Traditional saunas require special electrical work. Infrareds plug into any outlet. Traditional do require a dedicated breaker. While some smaller infrared saunas can plug into any outlet, many mid size to larger require a dedicated 15 or 20 amp plug - which must also be installed by an electrician.
Traditional saunas require a lot of maintenance. There is absolutely no difference in the amount of maintenance required. Even a heavily used home sauna gets relatively light use - once or twice a week on average. The only maintenance required is to wipe down the walls and benches periodically with a mild solution of water and dish detergent.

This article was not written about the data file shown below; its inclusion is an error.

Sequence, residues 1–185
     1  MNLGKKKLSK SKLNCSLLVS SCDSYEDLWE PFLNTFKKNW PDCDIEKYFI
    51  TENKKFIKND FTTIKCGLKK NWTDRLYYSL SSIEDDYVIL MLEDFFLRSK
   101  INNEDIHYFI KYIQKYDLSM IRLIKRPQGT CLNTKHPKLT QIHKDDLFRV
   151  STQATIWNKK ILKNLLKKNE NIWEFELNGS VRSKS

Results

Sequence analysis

Infrared sauna heat is dry and gentle, where traditional saunas are harsh and claustrophobic. This is really a matter of "to each his own". It is true that traditional saunas are a harsher environment. For many that is the essence of a sauna - extreme heat with blasts of humidity from splashing the rocks. For those sauna purists, there is nothing else. However, for those who seek the benefits of heat therapy, but do not enjoy traditional saunas, infrareds offer a practical and enjoyable alternative.



There are basically two factors, which differentiate infrared saunas from each other: Construction Materials and the type of Infrared Emitter.


Because of heat and humidity, traditional saunas must use a durable softwood and cedar is the material of choice. There is no humidity in infrared saunas, so there are more other wood options available. Most infrared saunas are constructed of  Cedar or Canadian Hemlock.